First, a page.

According to The New York Times, the Special Inspector General for Iraq Reconstruction (SIGIR) found that “DynCorp seemed to act almost independently of its reporting officers at the Department of State, billing the United States for millions of dollars of work that were not authorized and beginning other jobs without a go-ahead.” The report states that the findings of DynCorp’s misconduct on a $188 million job to buy weapons and build quarters for the Iraqi police were serious enough to warrant a fraud inquiry. A US government audit report of October 2007 revealed that $1.3 billion was spent on a contract with DynCorp for training Iraqi police. The auditors stated that the program was mismanaged to such an extent that they were unable to determine how the money was spent.
In February 2007 federal auditors cited DynCorp for wasting millions on projects, including building an unapproved, Olympic-sized swimming pool at the behest of Iraqi police officials. In April 2011, DynCorp agreed to pay $7.7 million to the US government to settle claims that it had inflated claims for construction contracts in Iraq.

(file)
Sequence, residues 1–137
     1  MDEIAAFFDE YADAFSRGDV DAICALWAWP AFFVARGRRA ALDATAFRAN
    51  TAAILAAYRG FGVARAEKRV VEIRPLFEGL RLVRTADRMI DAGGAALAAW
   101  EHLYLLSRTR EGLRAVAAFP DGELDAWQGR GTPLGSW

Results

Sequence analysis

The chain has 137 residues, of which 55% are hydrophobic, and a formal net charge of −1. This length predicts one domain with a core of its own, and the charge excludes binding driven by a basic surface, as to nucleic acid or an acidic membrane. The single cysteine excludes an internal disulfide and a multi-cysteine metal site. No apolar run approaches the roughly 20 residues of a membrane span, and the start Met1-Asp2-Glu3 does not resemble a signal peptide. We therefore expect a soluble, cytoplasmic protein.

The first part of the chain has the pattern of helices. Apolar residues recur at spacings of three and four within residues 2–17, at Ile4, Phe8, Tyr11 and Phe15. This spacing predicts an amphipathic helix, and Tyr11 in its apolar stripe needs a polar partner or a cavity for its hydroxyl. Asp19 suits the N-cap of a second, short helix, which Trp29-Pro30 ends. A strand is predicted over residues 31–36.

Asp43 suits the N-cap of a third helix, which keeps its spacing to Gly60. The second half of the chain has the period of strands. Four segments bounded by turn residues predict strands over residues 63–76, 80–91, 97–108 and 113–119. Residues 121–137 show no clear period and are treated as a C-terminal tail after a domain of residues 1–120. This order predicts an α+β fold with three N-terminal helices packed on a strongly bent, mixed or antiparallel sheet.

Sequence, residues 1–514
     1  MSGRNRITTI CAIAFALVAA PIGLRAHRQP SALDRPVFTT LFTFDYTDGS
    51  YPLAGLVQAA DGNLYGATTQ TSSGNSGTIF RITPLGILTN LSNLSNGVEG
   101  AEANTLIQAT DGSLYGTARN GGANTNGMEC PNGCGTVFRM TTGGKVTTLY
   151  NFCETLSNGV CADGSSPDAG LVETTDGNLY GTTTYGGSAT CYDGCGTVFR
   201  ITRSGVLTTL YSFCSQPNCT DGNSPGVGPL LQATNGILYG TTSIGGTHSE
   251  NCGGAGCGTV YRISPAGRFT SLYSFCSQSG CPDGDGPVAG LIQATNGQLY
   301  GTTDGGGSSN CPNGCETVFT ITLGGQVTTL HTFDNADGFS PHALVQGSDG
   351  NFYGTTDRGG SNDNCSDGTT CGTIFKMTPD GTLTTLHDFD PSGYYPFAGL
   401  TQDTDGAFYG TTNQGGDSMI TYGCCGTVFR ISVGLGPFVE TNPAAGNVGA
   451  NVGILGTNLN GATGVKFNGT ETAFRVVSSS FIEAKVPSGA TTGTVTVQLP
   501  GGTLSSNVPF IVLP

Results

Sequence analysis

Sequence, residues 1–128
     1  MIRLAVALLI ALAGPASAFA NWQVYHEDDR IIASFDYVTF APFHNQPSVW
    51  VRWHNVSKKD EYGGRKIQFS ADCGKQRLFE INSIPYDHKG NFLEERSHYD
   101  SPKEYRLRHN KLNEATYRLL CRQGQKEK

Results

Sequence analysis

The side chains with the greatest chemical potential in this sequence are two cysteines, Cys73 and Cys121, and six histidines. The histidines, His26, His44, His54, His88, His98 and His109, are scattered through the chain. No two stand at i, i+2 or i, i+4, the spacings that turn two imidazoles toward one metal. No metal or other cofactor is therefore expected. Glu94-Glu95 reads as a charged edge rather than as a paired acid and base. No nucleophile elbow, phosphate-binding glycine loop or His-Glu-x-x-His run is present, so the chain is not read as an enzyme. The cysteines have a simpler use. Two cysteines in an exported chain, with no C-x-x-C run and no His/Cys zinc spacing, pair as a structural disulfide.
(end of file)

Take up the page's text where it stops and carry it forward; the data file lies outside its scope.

On October 11, 2007, a DynCorp security guard in a US State Department convoy killed a taxi driver in Baghdad. According to several witnesses, the taxi did not pose a threat to the security of the convoy.
A January 2010 report by the SIGIR assessed that oversight of DynCorp police training contracts by the Bureau of International Narcotics and Law Enforcement Affairs found that INL exhibited weak oversight of the DynCorp task orders for support of the Iraqi police training program. It found that INL lacks sufficient resources and controls to adequately manage the task orders with DynCorp. As a result, more than $2.5 billion in U.S. funds were vulnerable to waste and fraud, although SIGAR’s Iraq reconstruction inspector noted that there was no indication that DynCorp had misspent any of the $2.5 billion.
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“An element of exaggeration clings to the popular judgment: great vices are made greater, great virtues greater also; interesting incidents are made more interesting, softer legends more soft.”
—Walter Bagehot (18261877)